Many areas of business have been impacted; some for the better and some for worse. Who knew that home working would actually lead to deeper insights into our colleagues' lives - meeting the family, video-bombing pets, and scoping the interiors?
But what about some operational flexibilities that make managing your global entities and their activities easier, especially in relation to company secretarial matters and administration?While there may have been several temporary measures to minimise the impact of COVID, some practices are now being made permanent and many countries are working to make business easier post-pandemic. Have you been taking advantage of these practices?
We take a review of some of the key changes impacting multiple countries that, while basic, can be fundamental in making managing day-to-day work that bit easier.
The challenge of obtaining wet ink signatures on documents has been a problem long before COVID, but being trapped in our homes made it all the more difficult. Even if your company directors had a printer at home, ink is a costly resource and arranging a courier for collection and delivery could be a logistical nightmare.
Due to this increased burden, many countries expanded (or even tested) the use of electronic signatures. While the rules may vary (type of signature and its authentication requirements, and even country-specific technology) it certainly helped to alleviate the burdens of the elusive wet ink signature for many filings.
Further, countersigning documents became more acceptable (reducing the shipping of originals between internationally based directors) and some legalisations even moved to Zoom calls.
While the whole world did not relax their signing requirements, for example, legalisations and public notaries are still vitally important in Germany and Spain for filing with the local commercial registers; many of the temporary relaxations in this area have become permanent. Make sure you are using electronic signatures where they are permitted and save the headache of coordinating signatures.
The requirement for having physical meetings has been declining for several years, even before COVID, and especially at subsidiary level. Organising multiple directors to travel to a single location has always been challenging as companies continue to become more global. The reducing requirements for physical meetings, coupled with the use of telephone and video conferencing has helped tremendously.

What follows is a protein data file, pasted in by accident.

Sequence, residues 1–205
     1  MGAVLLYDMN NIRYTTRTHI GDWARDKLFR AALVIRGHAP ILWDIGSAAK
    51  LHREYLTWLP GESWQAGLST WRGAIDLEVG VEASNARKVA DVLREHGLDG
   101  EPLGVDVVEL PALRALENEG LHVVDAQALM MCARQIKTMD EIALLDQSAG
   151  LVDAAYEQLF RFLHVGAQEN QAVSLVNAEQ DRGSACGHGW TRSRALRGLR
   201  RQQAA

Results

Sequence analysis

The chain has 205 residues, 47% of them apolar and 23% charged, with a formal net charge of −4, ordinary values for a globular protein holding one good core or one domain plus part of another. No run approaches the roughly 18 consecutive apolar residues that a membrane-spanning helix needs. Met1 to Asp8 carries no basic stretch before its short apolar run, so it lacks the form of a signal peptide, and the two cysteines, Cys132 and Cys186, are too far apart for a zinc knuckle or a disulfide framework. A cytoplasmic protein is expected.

While some countries had been holding on to this requirement, a number have recently been taking action to remove this hurdle from day to day requirements, introducing relaxations in the law to allow for virtual meetings where physical meetings may have been mandatory. Take the most recent example of Thailand, which has historically had onerous meeting requirements. Their company law amendment from 7th February 2023 will allow for board meetings to be held virtually through video conference rather than require physical meetings.
An additional easing of requirements and law, Thailand will remove the need to publish meeting notices in the newspaper, and focus instead on the more common requirement to send notices to shareholders only. This again takes another step out of the process for meetings.
Similarly, law changes in Switzerland from 1st January this year mean that shareholder meetings can be held virtually, as well as using written resolutions in place of minutes.
While there may be an initial pain of amending your Articles of Association to take advantage of these changes, it is worth the initial investment to save time and cost down the line in countries that have been problematic in the past.
Another common item occurring in the raft of corporate law changes is the number of shareholders required for a company. In instances such as Thailand and Belgium, they have been reducing the number of shareholders required.
In the case of Thailand, the reduction is from three to two shareholders. A relief for many creating a subsidiary company as you can keep your structure simpler with just two shareholders (which makes the organisational chart easier to produce too). This will also make decisions, meetings, etc. much easier in the future.
While this likely comes from efforts to make doing business in certain countries easier, it will also help to make business more practical in the longer term. Again, this may require a change to your articles of association, and then changes to your share structure too. It could be worth it for existing companies to make the change. On the other hand, if you have not entered these countries yet, this may make the process a little easier in selecting your shareholders.
As the world continues to adjust, it is worth monitoring these changes that could impact your entities and make the organisation and completion of decisions and matters a little easier for your internal team. With the initial effort to amend constitutional documents to ensure these flexibilities are embedded in your procedures, you can benefit from the reduced burden in the longer term.
Our Global Entity Management Team provide continued support to businesses, reviewing and implementing changes to operations. Find out how our team can support you with entity management or get in touch with one of our experienced team members at GlobalEntityManagement@dwf.law